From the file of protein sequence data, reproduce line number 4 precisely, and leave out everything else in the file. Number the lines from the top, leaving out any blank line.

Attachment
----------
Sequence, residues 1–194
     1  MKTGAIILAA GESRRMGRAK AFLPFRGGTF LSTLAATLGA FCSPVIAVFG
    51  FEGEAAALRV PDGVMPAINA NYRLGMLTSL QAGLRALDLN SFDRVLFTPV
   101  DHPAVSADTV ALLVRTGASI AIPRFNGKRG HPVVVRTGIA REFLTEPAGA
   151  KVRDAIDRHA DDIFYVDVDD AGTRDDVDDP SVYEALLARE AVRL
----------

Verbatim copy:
   101  DHPAVSADTV ALLVRTGASI AIPRFNGKRG HPVVVRTGIA REFLTEPAGA